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Envisioning the Future: Medicine in the Year 2050
All stages All stages Submission open Submission closed Ebook available. Eschewing the temptation to commercialize its success, Brown's lab posted instructions for building a homemade spot-printing robot on its Web site. Before long, the do-it-yourself microarray movement had taken hold in many academic labs, where researchers wanted custom slides without the high cost of commercial arrays, and were willing to tinker to get results. These days commercial chips have become inexpensive enough, and their quality, reliability, and variety good enough, that labs just breaking into microarrays might be better served by commercial rather than by homegrown chips.
Still, spot printing remains a relatively cheap and flexible option for many labs and core facilities. Surprisingly, neither Affymetrix's in situ manufactured chips nor its competitors' spot-printed arrays has been declared a clear winner in terms of accuracy and reproducibility of results. Several studies, most recently a series in Nature Methods , 5 have found that both approaches are prone to error and misinterpretation, and both can deliver good results in experienced hands.
Designed to screen patients for genetic variations in drug metabolism, the array is the first approved by the Food and Drug Administration for use as a diagnostic.
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Other such products are in the pipeline, as are gene-expression based arrays, which have been used in research labs to stratify cancers and predict clinical outcome. But a lack of standardized protocols for experimentation and analysis is stymying progress. Where most of the noise comes in is, how do you collect your sample, how do you prepare your sample, and how do you do your experiment? Several efforts are underway to fill the standards gap.
Another project, the External RNA Controls Consortium, is developing a set of "spike-in" RNAs that can be added directly to experimental RNA samples as external controls to monitor the performance of microarray processes. Though such controls and benchmarks may ultimately be required of labs that wish to run gene-expression analyses for diagnostic purposes, or for companies submitting array data to the FDA, they remain, for the moment, research projects, says Leming Shi, MAQC coordinator. Meanwhile, other companies, like Agilent Technologies and Oxford Gene Technologies, have refined and capitalized on inkjet printing methods, bolstered by interest from giants like Hewlett-Packard and Merck.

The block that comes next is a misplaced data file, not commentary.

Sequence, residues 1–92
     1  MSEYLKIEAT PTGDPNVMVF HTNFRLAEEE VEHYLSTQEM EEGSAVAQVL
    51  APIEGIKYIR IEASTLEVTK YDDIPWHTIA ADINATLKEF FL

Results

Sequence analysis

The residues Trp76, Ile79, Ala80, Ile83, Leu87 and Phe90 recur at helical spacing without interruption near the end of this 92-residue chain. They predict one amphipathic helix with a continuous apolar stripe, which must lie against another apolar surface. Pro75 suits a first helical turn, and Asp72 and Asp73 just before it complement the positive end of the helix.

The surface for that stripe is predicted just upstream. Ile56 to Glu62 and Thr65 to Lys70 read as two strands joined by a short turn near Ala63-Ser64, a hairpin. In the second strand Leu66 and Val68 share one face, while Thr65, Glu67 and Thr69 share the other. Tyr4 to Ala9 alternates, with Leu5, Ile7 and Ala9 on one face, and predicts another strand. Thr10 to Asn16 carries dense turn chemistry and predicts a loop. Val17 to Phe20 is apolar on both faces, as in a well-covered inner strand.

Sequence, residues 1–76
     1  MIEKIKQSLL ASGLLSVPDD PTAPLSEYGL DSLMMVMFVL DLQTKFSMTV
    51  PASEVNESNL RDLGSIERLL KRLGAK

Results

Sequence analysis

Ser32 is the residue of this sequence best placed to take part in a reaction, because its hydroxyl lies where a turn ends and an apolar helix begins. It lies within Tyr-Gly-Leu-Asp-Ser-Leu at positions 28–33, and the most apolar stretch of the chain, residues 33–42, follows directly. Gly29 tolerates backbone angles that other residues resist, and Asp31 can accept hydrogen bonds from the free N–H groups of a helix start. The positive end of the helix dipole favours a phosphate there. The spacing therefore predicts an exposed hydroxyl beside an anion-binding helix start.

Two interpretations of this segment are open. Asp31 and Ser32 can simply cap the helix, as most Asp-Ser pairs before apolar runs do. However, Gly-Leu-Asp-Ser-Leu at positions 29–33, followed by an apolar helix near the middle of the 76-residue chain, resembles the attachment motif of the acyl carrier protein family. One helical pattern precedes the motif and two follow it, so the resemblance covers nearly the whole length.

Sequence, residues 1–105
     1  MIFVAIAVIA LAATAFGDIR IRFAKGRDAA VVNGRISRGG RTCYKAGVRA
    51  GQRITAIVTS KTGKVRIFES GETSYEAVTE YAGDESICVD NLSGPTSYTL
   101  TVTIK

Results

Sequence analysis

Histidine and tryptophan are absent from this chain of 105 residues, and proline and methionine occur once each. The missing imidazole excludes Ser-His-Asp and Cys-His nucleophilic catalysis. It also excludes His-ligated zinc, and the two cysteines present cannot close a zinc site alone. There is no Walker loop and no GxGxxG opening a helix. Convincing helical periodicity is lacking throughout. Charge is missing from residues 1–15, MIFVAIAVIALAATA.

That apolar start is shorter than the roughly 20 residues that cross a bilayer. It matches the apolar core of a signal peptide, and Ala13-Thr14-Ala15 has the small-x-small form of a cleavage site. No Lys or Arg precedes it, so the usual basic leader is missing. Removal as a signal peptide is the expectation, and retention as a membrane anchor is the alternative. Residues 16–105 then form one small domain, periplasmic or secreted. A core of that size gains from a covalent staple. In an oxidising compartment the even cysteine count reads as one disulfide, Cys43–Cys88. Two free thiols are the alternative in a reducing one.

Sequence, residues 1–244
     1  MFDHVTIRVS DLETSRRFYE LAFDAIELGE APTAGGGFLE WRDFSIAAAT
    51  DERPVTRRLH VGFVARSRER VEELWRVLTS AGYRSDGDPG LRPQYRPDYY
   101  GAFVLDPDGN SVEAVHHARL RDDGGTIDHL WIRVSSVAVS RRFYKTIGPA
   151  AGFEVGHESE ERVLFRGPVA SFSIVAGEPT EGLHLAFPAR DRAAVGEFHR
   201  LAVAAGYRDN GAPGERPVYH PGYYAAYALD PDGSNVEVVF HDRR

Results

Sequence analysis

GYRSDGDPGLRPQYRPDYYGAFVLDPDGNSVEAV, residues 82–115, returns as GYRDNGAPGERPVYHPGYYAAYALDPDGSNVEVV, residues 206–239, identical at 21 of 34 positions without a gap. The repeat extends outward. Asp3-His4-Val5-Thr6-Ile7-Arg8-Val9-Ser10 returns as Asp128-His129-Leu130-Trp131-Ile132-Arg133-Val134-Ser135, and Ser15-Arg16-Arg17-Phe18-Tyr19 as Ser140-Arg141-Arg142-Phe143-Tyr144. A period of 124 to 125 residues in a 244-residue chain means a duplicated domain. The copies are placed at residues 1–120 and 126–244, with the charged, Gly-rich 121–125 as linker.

Still others, such as CombiMatrix, have harnessed developments in microfluidics to find new ways of generating microarrays. Nevertheless Affymetrix retains the lion's share of the microarray market — and it fights hard to keep it. Beginning with a pitched battle over the Southern patents, the company has been embroiled in a string of intellectual property lawsuits and disputes over licensing agreements. One source of perpetual consternation to its competitors is the fact that Affymetrix claims its patents cover not only the photolithographic technique, but also the high density of its arrays as well.
To a large extent, Affymetrix's position on that front is secured by both patents and physics, as an array's density is a function of the technology used to create it. Inkjet and spotting methods are constrained to a maximum of about 50, features on a slide by the minimum size of a droplet, whereas features constructed with semiconductor technology are constrained only by the size of a manipulable beam of light. The most recent generation of Affymetrix chips has six million features, each five microns across, and the company has prototype chips with one-micron features.
With such vast numbers of features per chip, researchers are free to consider studies never before possible. Scientists armed with "genomes-on-a-chip" can now easily scan the expression of hundreds of thousands of genes for the few that might be involved in a form of cancer or a genetic disorder.